The pair walked through the barnyard and into a large abandoned pasture filled with brush. “Now I know this isn’t video games but who knows, you just might have some fun,” he remarked.

The beagle hound took off with nose to the ground. Only a few minutes passed when the pair heard the dog barking, growing into long howls. It was the first time Josh had heard the dog bark. “He’s running a rabbit,” said his grandfather, with another broad smile.

“I was amazed when grandpa handed me the shotgun and explained where the rabbit was going to come,” Josh recalled. “Make darn sure the dog is in the clear before you shoot,” the old man said sternly. The words were no sooner spoken when a rabbit rocketed from the brush with the dog 20 feet behind it. The boy flipped the safety off took aim and fired. He had taken his first wild game. “My heart was beating like a drum,” he recalled. “It was a feeling I’ve never had.”

The elderly man picked up the cottontail and stuffed it in the back of his coat. “That was a good shot for a city boy,” he said, patting Josh on his back. For the first time he actually felt a relationship begin to develop between him and his grandfather.

After several more hours the pair collected two more rabbits. Returning home he was shown how to properly dress them. They were then given to his grandmother who finished the cleaning process before putting them in the refrigerator. The next day the rabbits were fried and eaten for supper. “It was a meal I will never forget,” said Josh, recalling that special weekend.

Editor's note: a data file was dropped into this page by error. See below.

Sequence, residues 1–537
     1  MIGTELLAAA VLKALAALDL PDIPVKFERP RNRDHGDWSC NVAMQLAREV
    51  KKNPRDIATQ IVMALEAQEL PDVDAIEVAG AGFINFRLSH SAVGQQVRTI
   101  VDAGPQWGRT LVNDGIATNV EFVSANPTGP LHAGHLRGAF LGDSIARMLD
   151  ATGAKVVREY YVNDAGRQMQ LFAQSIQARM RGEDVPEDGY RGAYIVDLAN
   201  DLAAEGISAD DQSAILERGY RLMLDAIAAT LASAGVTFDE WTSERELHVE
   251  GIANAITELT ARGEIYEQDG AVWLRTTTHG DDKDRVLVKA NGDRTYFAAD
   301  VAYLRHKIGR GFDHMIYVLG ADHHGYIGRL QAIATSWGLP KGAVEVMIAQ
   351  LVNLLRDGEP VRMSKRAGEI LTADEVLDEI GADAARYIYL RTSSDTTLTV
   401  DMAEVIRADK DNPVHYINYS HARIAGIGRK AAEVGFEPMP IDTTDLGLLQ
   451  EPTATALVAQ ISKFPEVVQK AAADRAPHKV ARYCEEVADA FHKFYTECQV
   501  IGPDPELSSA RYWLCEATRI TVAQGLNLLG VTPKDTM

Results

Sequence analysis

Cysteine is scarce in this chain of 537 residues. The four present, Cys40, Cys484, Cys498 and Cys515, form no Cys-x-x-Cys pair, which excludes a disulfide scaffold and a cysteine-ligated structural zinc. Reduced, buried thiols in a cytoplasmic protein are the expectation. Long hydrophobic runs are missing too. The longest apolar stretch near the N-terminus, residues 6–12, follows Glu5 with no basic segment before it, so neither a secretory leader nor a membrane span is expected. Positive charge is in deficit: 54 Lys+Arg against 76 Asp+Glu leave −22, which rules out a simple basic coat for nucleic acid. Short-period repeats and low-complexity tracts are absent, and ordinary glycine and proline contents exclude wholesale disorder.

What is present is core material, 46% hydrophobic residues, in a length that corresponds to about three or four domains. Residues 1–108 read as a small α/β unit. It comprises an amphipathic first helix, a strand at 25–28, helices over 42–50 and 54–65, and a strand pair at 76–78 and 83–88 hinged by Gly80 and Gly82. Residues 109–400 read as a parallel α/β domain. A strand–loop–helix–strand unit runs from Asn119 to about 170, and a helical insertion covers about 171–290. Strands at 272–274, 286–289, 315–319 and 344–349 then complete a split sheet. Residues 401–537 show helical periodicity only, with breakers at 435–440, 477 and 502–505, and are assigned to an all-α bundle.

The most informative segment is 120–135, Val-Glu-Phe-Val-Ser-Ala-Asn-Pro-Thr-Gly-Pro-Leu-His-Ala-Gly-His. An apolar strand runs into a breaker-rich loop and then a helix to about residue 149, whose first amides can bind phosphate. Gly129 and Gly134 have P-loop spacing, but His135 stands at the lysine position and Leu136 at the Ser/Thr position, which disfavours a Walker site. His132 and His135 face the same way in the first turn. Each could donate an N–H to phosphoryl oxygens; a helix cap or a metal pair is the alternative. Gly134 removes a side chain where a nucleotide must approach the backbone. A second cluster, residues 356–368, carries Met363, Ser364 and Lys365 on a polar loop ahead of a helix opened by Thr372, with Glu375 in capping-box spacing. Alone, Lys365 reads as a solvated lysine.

That was four years ago and since getting his driver’s license he now makes weekly visits to his grandparents farm during the hunting seasons. “Although he can’t hunt with me any longer, he wants to hear every detail when I get in,” he added.

It took several years for it to soak in but Josh realized that original trip was a healing process for his mother and a learning experience for him. “My grandfather taught me a lot about the outdoors in a few short falls,” he added. “But most of all he taught me I didn’t need video games or TV to entertain me when we have outdoor opportunities to enjoy.” More importantly he explained how hunting created a special bond with his grandparents, even when he thought there wasn’t one.

“I owe them a lot,” he said thankfully.

John Martino
Martino is a well-known outdoor writer throughout Indiana and has served as longtime outdoor columnist for the Kokomo Tribune newspaper. Martino has won numerous awards for both his writing and his service to youth, conservation and the community. He recently retired as Superintendent of Parks and Recreation for the City of Kokomo and now works as Ivy Tech Executive Director for Facilities for the Kokomo region.


  1. Read your article about self control when it comes to doe harvest.I subscribe in fact I travel to other spots other than my own,property because of the severe decline in,my herd in jasper county.however,the simple fact is people NEED TO BE GOVERNED!if told they can take 8 deer they trust the dnr has researched and there are that many deer! Trust me I’ve argued with other hunters.that’s why REASONABLEquotas should be mandated or the dnr won’t have wildlife to manage!